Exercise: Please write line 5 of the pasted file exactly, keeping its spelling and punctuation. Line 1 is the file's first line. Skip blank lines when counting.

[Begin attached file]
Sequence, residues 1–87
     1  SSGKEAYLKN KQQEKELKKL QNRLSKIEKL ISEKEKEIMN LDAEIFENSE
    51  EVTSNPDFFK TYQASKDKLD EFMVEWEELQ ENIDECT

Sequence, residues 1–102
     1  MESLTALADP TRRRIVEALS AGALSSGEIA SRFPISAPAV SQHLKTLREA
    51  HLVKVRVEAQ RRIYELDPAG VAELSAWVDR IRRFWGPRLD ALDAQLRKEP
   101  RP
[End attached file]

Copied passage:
     1  MESLTALADP TRRRIVEALS AGALSSGEIA SRFPISAPAV SQHLKTLREA